Tech

Advisor Capture Cards: Record PC and console games


If you want to publish (semi-) professional video from games, Capture Cards help. We tried the most important devices and show strengths, weaknesses and costs.

Today you do not play for yourself anymore. In times of social media, Twitch and Youtube, sharing their video game experiences with other people is easy. Classic video reviews or streaming are two of the most popular options. But even a video essay about a particular aspect of a game can start a dialogue. The net is full of analysis on game design or the dramaturgical content of interesting titles. In contrast to a classically filmed video contribution, there is a special technical requirement: The game scenes must be recorded.

Do you need a Capture Card? Not always. Who plays at a PC with Nvidia graphics card, is with the included recorder software Shadow Play already well served. The parallel to the graphics card driver offered and free software just runs in the background and takes the game in the foreground. Of course, this costs CPU and GPU resources.

Even Playstation 4, Xbox One and Nintendo Switch have rudimentary capture capabilities. The image quality is poor in the videos due to the low bit rate and prone to annoying artifacts. For occasional sharing on social media, where anyway only small videos or pictures are needed, but it is enough. So potentially every player can record. It's just a question of ambition or use case, if you actually need your own Game Capture Card.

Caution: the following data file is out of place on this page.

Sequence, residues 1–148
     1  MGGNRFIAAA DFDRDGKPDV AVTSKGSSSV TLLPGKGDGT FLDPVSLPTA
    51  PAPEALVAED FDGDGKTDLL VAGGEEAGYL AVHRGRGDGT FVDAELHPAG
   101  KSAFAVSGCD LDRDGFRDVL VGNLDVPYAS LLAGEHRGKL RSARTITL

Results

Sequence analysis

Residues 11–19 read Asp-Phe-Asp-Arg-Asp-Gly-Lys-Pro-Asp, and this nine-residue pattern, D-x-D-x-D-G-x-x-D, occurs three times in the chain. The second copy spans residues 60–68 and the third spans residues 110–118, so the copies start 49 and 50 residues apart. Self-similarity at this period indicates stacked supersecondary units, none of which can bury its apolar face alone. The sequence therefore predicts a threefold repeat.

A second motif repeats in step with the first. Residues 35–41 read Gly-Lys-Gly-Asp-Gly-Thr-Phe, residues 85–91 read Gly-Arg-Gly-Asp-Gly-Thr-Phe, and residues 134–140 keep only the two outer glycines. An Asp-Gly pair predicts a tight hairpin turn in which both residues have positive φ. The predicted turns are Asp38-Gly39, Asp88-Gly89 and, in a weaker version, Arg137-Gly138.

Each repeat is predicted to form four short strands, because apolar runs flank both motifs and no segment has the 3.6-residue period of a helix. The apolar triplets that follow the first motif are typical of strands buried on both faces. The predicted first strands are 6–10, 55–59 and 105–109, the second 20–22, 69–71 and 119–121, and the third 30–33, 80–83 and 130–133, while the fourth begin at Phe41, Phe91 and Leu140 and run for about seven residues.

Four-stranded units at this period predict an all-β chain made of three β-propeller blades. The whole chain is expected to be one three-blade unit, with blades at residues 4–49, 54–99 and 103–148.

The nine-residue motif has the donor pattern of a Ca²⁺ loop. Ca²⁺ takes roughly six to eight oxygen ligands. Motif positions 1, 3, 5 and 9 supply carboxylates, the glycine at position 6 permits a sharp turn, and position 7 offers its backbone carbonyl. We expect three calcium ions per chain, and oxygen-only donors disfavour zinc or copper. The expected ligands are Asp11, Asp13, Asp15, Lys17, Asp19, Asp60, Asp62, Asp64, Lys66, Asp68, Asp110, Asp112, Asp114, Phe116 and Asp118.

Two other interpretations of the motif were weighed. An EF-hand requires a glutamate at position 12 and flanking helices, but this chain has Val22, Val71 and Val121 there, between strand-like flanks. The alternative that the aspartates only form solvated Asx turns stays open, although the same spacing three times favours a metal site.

Game Capture Devices help to record games and other content.

With the article we start into a new theme world around streaming, Let's Plays and related topics. Fits to this post is already our guide: microphones for podcasts and Let's Plays appeared.

A long time ago, newsrooms from game magazines actually shot and printed photos of their office monitors. For videos, they were dependent for a while on the material provided by the manufacturer. At the turn of the millennium, magazine DVDs were an obligatory supplement and editors built their own video editorial. To record expensive hardware was needed, which usually found in a performance-hungry PC space.

But that has changed – also because of Youtube. Ever since the success of the Angry Video Game Nerd, it has become clear that the future of gaming coverage lies in video formats that anyone can record in their living room. Manufacturers have reacted accordingly and developed products that are also affordable for the hobby user. This is followed by a wide distribution and in tons of video recordings. Today, players often find out about moving pictures about games. A simple google search throws up results even in obscure insider tips – mostly Let's Plays or uncommented walkthroughs.

Of course, video capture devices are also used for sources other than game consoles. Basically, any video signal is recorded that is not copy protected. For example, you can digitize material from old videocassettes. For older devices that appeared about five to six years ago, there are also integrated analog inputs. They are adapted to the then current generation of consoles and provide connections for Component (for example Playstation 2, Nintendo Wii) and Composite (also Playstation 2 or older consoles). Sometimes there are also cable whips, where synonymous S-Video is here. However, analogue ports are no longer the norm for current capture devices – they only use HDMI, which means, for example, that the current retro consoles (top 10) also work.

Further fields of application are, for example, endoscopes in human medical diagnostics or mirroring of an external camera. The target-group-oriented product design of the Game Capture Devices may seem inappropriate for other cases, but they fulfill their function.

The range of devices is now so large that you can find the right game capture device for every application. The first major difference is in the mode: There are internal solutions that come as an expansion card in a computer. There are also external devices that are either connected to a computer or even work without. These standalone devices then record not on a PC or Mac-connected drive, but on a USB stick or SD card.